You must be over 18 to purchase or drink alcohol in Victoria or you and the provider can be charged or fined. You must be over 18 to be in a licensed premises with some exceptions, such as if you are there for a meal, work there or are with a responsible adult.

It is against the law to serve alcohol to someone under 18 in your home, with out the permission of the person’s parents. Penalties apply if your are caught breaking the law.

You can find more information on the Department of Health website.

South Australia

In South Australia, it is illegal for someone under 18 to be provided with alcohol and to purchase alcohol. It is illegal for someone under 18 to drink alcohol in licensed premises (like pubs, bars, reception centres and restaurants), or in public places.

If you are under 18 and get caught, or if you are over 18 and caught supplying alcohol to someone under 18, the penalty can be a hefty fine. If you are under 18 and ask someone to purchase alcohol for you, both you and the adult can be fined.

It is not illegal for a person under 18 to drink alcohol in a private residence provided there is a responsible adult to supervise them. The responsible adult will have a legal duty of care to those under their supervision and are required to inform other parents if they are providing alcohol to their children. For instance, if a parent agrees to host a teenage party for their son or daughter in their home where some alcohol will be served, they will need to let the other parents know.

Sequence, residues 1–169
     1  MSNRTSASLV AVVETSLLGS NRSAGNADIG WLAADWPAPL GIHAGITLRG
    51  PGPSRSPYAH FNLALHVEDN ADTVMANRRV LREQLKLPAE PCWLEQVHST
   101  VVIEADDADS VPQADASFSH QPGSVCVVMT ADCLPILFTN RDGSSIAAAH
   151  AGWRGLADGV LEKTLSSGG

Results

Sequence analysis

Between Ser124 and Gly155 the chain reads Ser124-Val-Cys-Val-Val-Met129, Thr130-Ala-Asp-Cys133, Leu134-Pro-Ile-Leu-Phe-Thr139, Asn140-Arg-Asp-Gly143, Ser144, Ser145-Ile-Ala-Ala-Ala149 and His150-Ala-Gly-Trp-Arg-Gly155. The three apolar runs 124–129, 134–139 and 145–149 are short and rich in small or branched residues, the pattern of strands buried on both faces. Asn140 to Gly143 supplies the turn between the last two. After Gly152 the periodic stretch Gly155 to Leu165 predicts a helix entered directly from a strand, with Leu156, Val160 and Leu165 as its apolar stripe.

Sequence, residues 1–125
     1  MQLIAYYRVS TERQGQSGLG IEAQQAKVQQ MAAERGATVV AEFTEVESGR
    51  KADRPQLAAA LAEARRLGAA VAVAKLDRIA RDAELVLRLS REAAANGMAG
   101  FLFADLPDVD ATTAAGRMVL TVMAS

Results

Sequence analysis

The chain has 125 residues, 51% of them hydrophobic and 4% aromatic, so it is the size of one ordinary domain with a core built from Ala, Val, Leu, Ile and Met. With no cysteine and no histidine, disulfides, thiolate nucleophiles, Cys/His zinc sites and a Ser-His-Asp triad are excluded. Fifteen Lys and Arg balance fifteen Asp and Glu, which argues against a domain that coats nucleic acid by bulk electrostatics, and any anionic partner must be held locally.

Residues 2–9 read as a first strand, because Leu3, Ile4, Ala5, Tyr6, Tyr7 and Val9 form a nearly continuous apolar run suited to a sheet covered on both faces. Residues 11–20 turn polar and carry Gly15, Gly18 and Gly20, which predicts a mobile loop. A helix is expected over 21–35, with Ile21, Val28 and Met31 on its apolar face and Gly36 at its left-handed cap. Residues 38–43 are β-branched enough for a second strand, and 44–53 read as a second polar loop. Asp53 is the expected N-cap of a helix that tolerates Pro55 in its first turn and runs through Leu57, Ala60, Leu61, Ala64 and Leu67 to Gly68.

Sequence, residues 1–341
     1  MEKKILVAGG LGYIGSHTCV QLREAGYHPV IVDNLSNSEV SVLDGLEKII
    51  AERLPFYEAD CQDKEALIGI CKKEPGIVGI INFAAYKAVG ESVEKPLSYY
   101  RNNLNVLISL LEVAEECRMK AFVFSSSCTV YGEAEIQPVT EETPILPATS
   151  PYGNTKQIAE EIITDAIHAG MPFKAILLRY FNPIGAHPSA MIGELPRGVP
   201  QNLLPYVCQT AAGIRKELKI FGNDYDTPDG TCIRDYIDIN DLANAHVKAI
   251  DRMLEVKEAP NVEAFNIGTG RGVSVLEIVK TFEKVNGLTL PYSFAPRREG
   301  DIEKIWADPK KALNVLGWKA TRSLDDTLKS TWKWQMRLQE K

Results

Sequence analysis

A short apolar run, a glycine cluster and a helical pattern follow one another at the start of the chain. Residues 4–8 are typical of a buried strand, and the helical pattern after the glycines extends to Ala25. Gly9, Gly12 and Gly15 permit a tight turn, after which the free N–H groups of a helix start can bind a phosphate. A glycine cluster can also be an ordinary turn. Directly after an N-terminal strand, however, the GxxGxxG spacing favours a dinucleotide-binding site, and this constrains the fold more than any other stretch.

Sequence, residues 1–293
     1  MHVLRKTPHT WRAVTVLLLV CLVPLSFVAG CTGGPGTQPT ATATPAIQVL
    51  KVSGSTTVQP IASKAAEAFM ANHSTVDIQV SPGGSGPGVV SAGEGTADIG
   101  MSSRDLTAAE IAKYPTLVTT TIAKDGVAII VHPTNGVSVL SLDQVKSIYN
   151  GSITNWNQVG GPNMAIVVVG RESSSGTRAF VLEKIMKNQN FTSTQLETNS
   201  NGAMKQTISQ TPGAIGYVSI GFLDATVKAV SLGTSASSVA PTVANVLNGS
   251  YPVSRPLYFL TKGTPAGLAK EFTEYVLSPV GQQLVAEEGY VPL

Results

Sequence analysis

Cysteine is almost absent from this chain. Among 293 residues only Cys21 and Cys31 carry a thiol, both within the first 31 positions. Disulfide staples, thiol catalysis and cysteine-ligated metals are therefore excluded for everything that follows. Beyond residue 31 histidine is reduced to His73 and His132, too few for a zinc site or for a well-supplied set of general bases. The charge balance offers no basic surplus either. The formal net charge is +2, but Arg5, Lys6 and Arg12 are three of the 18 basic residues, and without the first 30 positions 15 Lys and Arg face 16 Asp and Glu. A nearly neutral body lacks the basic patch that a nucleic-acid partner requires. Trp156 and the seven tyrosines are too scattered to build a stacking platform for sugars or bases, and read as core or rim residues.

Tasmania

In Tasmania, if you are under 18, it is against the law for you to buy alcohol. It is also against the law for anyone to sell you alcohol.

It is generally illegal to supply alcohol to people under 18, unless it is in a private property and the alcohol is supplied by a parent or guardian (or someone who your parent or guardian has told that they can give you alcohol), and that they are supervising you properly.

Supervising you properly means that they need to be aware of how old you are, how much you have had to drink and over what period of time you have been drinking; they need to also be aware that food should be available; and they need to be aware if you get drunk or not.

If you are drinking on private property, and something happens to you because you were not supervised properly, then your parent or guardian can be given a hefty fine or a given a jail term of up to 12 months in situations where the offence is deemed to be more serious.

Queensland

In Queensland, if you are under 18 it is also illegal for you to be on, or to consume alcohol on, licensed premises (eg. nightclubs or bars) or possess alcohol or bring alcohol onto licensed premises. Penalties include an on-the-spot fine. Supplying alcohol to a person under the age of 18 on licensed premises can attract large fines as well.

It is an offence in QLD for persons of any age to have an open alcoholic drink in public if not in a licensed venue or permitted area, such as on the street, park or beach. Drinking in public can lead to an on-the-spot fine, for both adults and under 18s.